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SPARK » Susan B. and Terah Van Dusen

Susan B. and Terah Van Dusen

Susan B.

Response Piece

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Terah Van Dusen

Inspiration Piece

                   The Father-Daughter Kitchen

It was a small father-daughter kitchen; with one window above the sink looking out into a lush green lot where there were rabbits in cages, wild doves in myrtlewood trees, and geese and ducks and things all kinds of living things. The small trailer window fogged at night and I’d kidperch up on the olive countertop to write things on the window with my bare fingers: smiling faces, peace signs, my name, mad, antsy scribbles, spirals and hearts. The walls of the kitchen were bare. The refrigerator was small and maybe didn’t even work. But that was all okay. It was still the father-daughter kitchen. It was where we boiled water for the bathtub. Where we drew up plans for the future. Where we discussed religion and Dad read to me. There was hope in that kitchen. I did my homework there.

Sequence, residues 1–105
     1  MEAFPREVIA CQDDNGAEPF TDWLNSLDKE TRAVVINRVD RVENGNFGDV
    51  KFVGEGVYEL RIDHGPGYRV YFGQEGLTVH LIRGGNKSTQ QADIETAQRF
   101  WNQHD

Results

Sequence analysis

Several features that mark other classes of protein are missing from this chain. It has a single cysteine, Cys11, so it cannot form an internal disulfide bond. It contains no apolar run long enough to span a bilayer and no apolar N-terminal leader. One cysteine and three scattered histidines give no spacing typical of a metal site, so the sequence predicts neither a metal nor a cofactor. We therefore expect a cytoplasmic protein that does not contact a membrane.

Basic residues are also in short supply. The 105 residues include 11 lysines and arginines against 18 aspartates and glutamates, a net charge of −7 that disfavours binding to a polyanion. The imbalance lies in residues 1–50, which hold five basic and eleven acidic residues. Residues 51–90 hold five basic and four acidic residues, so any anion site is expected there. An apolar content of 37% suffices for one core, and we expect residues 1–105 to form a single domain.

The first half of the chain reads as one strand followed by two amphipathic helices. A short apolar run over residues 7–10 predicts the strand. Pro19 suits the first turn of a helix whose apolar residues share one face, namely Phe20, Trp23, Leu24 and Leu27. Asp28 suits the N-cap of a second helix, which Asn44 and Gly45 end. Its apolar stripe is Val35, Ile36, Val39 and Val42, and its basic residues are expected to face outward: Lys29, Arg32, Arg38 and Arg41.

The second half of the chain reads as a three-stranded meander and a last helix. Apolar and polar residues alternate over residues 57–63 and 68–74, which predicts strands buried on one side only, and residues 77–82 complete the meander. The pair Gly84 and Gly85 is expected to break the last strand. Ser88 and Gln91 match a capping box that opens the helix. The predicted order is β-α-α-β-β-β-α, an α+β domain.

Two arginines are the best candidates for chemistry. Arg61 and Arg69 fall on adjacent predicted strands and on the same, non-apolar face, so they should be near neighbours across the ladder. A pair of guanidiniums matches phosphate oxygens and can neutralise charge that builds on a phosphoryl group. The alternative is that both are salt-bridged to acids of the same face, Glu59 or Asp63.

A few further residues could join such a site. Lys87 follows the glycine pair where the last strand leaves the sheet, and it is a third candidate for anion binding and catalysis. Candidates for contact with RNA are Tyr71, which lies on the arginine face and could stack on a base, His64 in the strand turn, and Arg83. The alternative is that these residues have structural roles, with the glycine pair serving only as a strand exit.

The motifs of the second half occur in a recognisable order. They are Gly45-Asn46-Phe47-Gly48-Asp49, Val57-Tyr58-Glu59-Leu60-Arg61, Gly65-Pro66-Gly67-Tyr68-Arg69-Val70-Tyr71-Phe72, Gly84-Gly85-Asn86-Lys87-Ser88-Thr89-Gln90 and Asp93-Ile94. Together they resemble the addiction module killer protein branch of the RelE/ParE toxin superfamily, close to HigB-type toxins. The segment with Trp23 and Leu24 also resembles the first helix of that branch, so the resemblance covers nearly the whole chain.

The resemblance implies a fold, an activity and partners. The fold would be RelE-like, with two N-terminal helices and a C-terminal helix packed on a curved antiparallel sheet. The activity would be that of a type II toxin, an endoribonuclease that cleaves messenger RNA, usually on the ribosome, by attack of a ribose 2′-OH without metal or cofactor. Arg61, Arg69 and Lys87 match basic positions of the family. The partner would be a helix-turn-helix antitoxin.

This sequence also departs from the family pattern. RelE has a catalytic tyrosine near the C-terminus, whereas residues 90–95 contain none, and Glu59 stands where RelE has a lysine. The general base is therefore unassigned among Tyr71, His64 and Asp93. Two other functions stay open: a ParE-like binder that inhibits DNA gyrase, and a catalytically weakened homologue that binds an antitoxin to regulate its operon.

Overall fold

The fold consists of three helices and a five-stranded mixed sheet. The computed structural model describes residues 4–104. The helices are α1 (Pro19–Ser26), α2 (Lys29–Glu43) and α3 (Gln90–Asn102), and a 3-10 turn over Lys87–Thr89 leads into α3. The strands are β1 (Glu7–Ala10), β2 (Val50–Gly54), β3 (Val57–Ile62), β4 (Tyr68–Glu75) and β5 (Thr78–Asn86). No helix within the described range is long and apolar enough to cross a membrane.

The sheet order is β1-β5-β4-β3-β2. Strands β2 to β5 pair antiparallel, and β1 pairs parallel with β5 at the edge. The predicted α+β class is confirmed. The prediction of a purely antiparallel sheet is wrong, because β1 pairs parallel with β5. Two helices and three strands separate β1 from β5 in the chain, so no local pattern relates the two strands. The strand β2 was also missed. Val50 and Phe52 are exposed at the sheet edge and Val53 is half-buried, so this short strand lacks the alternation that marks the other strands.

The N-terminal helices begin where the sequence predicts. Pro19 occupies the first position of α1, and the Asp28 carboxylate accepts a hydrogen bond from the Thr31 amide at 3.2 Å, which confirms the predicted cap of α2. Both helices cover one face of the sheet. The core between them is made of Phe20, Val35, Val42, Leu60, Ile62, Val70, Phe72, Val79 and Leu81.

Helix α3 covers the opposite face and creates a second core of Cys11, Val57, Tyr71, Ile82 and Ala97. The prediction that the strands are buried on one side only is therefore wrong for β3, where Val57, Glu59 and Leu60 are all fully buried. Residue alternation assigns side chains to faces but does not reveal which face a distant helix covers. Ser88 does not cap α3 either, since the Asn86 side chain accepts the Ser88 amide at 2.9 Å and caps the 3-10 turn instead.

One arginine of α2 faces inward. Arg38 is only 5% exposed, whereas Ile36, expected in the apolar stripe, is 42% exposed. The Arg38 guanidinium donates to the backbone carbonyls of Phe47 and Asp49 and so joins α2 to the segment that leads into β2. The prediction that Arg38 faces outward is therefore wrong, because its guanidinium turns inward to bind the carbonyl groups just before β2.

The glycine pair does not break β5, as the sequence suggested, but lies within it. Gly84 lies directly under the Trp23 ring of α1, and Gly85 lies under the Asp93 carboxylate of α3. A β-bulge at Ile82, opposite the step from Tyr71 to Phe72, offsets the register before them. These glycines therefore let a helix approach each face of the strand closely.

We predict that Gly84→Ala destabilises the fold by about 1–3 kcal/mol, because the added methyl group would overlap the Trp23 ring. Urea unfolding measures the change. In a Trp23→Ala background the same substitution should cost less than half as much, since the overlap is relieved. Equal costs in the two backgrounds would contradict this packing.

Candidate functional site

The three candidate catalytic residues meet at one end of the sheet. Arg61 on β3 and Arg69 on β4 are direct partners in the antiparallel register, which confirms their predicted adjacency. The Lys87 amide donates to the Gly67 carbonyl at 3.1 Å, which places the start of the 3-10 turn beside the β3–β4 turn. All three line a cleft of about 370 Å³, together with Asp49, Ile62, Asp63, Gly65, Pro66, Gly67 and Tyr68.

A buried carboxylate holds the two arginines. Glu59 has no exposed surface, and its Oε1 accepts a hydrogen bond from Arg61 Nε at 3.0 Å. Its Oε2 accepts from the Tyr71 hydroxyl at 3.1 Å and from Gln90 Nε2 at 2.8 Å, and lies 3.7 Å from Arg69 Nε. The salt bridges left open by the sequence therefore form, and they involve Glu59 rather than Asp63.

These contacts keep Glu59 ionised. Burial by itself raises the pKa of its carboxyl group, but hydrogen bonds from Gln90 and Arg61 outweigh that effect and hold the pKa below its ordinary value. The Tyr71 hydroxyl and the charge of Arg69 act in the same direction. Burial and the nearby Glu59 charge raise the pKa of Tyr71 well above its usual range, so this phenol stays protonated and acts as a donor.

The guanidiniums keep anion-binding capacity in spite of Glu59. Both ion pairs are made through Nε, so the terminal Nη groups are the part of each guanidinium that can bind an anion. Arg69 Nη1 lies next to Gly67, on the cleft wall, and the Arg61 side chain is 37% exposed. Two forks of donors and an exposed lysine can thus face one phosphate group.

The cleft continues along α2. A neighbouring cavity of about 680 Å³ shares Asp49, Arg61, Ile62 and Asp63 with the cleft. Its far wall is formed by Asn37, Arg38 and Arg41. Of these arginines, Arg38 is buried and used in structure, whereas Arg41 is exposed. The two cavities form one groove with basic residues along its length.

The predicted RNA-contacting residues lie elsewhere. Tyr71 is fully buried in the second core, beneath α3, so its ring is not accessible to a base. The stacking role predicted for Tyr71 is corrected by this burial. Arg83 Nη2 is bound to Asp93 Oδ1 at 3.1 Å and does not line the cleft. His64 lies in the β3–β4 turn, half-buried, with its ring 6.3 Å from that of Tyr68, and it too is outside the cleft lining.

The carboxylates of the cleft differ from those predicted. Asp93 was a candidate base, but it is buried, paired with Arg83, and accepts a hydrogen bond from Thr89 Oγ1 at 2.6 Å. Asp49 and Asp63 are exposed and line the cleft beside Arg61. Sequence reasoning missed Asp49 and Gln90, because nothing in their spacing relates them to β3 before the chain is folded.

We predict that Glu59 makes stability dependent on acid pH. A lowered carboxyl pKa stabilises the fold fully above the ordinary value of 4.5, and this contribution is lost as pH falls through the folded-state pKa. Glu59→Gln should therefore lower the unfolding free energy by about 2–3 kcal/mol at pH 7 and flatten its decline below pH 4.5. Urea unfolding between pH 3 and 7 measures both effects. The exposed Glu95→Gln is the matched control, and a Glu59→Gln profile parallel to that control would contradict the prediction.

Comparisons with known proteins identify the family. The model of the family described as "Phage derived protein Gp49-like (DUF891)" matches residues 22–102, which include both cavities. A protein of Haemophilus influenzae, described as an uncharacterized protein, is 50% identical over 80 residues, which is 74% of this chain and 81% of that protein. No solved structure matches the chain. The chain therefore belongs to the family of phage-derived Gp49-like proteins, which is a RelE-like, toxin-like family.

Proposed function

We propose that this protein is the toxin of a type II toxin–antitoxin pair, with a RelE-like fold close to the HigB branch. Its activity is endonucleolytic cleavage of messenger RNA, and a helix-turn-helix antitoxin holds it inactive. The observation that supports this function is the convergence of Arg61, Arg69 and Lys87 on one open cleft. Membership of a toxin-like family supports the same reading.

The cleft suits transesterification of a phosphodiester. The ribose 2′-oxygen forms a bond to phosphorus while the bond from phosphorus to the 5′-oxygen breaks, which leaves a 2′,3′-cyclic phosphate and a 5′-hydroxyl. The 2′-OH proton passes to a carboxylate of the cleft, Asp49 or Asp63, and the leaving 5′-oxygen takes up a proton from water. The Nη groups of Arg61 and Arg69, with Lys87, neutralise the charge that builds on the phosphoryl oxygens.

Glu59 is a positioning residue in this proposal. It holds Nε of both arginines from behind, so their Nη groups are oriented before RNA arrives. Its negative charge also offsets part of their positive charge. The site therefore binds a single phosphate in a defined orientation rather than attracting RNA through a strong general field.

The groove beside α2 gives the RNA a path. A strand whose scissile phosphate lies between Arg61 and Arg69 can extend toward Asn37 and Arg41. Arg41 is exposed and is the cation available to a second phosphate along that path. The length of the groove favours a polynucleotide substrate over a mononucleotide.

In the living room was a framed school photo of me that would eventually burn up in a fire on Thanksgiving day. In the bathroom the Lord’s Prayer hung on the wall, a wooden vintage piece reading: Our father who art in heaven, hallowed be thy name thy kingdom come thy will be done, on earth as it is in heaven give us this day our daily bread and forgive…           

We used kerosene lanterns and camp chairs. My Dad was just twenty-four but was playing Mom with our square, aluminum-legged kitchen table and generic plastic red and white checkered tablecloth bought on clearance. We had candlelight for both practical and spiritual purposes. There was no electricity. There were two dinner plates and two forks and two tan paper towels folded in half for napkins. It was the days when things were real good for the both of us. I’m not the only one who remembers it. He remembers it too. Cleanliness is next to godliness he used to say back then. It was probably summer time. It was always summertime in the father-daughter kitchen. We sang Hare Krishna and worshipped Jesus too and everything my Dad said and did stuck to me like honey. In between Dad-sermons, I would ask questions about my mother to which he would respond politely and vaguely.

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